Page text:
|It's been ten years since the catastrophic failure of a poorly designed levee system
devastated 80% of Orleans Parish and all of St. Bernard Parish.
I don't care how many pictures or news clips or documentaries you saw of New Orleans during
and after the flood, unless you saw it firsthand, you don't understand. It was the enormity of it
that couldn't be captured. Pictures were inadequate.
But, incredibly, despite the scale of the destruction (and despite the many predictions of
naysayers who insisted the city couldn't be saved), New Orleans survives and even prospers.
Someone once asked a woman who spent four years doing the repair work herself on her
flooded home how she'd kept going. She said, "I just kept hope in my heart."
Hope is essential to life. Hope for a better hour, a better day, a better year, a better future.
Without hope, the people who endured the effects of the levee failures would not have been
able to carry on with their lives after August, 2005.
A few months after the floods, when I visited Lakeview, where I'd once lived, all I saw was
wrenching devastation. Everything destroyed. Nothing lived or moved, no people, no
animals, no birds, no flowers, no grass, no color. Everything was brown or grey. Then, finally,
I spied a tiny patch of green grass at the park where my son had played as a child. I cried with
relief. It was like a miracle. I said to myself, the grass is coming back - there is hope.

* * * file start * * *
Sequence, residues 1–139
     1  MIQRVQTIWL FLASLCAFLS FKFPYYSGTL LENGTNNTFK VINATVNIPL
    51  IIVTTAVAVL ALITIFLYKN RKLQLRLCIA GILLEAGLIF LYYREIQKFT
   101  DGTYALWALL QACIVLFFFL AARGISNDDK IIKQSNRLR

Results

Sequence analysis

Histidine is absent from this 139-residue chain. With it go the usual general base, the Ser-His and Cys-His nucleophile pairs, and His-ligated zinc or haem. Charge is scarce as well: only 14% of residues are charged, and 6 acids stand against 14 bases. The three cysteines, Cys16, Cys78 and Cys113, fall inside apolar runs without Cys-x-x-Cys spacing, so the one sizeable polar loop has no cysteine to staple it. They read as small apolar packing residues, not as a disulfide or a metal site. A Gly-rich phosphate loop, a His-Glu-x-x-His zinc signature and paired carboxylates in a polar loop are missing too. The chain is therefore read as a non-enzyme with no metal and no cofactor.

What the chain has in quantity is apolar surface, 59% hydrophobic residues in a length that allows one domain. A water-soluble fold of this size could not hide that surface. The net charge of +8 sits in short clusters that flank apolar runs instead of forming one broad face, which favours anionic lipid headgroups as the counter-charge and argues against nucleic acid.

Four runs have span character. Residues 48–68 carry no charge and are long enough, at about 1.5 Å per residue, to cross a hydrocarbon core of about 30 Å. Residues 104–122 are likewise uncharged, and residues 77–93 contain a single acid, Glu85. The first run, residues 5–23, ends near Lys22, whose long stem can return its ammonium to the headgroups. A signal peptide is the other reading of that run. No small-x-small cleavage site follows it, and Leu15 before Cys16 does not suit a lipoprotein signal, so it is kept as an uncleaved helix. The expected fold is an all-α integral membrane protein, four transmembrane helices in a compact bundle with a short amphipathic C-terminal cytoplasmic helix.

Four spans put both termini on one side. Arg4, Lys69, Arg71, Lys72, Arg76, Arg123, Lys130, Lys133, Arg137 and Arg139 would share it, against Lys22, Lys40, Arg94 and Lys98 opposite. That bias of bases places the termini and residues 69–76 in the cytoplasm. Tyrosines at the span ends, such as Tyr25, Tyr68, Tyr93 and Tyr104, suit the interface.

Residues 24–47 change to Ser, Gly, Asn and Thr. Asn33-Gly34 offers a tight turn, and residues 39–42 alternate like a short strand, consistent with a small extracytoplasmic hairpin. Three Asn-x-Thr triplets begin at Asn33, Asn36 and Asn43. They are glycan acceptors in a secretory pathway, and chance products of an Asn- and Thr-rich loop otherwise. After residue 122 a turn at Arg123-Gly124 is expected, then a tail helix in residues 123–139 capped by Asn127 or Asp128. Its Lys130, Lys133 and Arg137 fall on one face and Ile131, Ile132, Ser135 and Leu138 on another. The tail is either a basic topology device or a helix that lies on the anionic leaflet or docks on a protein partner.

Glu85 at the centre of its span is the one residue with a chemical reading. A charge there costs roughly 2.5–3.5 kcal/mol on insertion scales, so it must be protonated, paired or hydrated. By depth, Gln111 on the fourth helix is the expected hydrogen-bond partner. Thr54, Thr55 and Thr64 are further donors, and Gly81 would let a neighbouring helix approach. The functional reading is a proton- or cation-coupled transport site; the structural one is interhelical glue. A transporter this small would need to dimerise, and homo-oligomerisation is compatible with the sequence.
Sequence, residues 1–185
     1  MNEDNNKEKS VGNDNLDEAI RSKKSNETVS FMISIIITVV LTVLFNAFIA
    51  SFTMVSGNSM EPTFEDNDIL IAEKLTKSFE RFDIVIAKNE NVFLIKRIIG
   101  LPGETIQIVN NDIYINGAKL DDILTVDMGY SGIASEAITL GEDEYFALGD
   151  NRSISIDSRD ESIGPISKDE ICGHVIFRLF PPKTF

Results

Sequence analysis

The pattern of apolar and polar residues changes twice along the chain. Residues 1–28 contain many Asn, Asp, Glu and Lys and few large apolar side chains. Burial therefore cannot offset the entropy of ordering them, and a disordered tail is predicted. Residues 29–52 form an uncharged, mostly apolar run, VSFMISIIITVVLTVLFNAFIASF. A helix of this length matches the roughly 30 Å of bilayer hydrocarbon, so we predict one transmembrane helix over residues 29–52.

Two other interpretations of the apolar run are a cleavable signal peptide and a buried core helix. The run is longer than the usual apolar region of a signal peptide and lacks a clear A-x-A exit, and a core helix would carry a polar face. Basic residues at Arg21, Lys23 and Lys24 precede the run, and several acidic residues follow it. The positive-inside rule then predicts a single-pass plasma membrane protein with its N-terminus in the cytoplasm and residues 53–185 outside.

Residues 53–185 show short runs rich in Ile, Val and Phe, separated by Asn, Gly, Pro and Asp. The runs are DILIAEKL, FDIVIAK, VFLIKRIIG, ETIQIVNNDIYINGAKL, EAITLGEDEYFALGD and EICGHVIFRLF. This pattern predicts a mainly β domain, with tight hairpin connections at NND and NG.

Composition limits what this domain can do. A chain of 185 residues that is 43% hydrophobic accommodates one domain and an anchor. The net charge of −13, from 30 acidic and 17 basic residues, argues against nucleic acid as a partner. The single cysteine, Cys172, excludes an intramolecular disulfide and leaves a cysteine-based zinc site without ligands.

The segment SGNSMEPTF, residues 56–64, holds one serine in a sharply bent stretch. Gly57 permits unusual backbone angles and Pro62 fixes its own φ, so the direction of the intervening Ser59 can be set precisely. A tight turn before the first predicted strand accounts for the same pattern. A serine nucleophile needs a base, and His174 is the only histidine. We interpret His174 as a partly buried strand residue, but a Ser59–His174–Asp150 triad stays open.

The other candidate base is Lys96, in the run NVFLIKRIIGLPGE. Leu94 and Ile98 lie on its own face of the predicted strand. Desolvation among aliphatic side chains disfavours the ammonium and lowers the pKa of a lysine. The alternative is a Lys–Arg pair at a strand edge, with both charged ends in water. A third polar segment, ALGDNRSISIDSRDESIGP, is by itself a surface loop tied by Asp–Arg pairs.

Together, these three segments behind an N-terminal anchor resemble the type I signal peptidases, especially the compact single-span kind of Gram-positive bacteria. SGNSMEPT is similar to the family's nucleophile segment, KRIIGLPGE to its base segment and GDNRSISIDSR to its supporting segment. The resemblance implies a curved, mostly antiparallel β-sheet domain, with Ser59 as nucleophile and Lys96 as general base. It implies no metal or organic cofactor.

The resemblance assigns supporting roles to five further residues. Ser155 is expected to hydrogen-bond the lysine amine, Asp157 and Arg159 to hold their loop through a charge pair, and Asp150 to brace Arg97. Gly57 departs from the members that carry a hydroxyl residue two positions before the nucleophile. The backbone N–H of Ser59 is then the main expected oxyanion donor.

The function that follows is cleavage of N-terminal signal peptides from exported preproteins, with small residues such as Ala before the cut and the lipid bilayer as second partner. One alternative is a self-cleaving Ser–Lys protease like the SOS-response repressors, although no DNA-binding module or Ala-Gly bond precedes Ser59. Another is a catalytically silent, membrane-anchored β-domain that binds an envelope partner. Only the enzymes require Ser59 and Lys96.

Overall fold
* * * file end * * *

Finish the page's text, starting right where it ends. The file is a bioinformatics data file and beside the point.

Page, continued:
And there was.
A July, 2015 study shows that New Orleans' population is very near pre-Katrina numbers and
still growing. More than half of the city's 72 neighborhoods have recovered over 90 percent
of the population they had before the levees failed. There are 16 neighborhoods that now
have more residents than they did prior to the levee breaches.
This year, Travel & Leisure magazine ranked New Orleans second on a list of the ten "Best
Cities in North America," just barely edged out of first place honors. The city is regularly
ranked in the top five best travel destinations in the nation. When you consider the breadth
of the destruction, the comeback of the city to this point is nothing less than incredible.
As TV journalist, Bob Schieffer noted, "Only those who were here in the days after Katrina can
understand what the people of New Orleans have accomplished in bringing this city back."
There's something that many didn't take into account when they believed the city couldn't be
saved and it's this: New Orleans is loved. Her people love her too much to let her die.
Scott Bakula, from the TV series, NCIS: New Orleans, recently said, "I've never been in any
place where people were so proud of their city."
Coming from where they were ten years ago to where they are now, by sheer grit and
gumption, the people of New Orleans have good reason to be proud. Few people outside of
the area will ever know how much.
|August 29, 2005 - August 29, 2015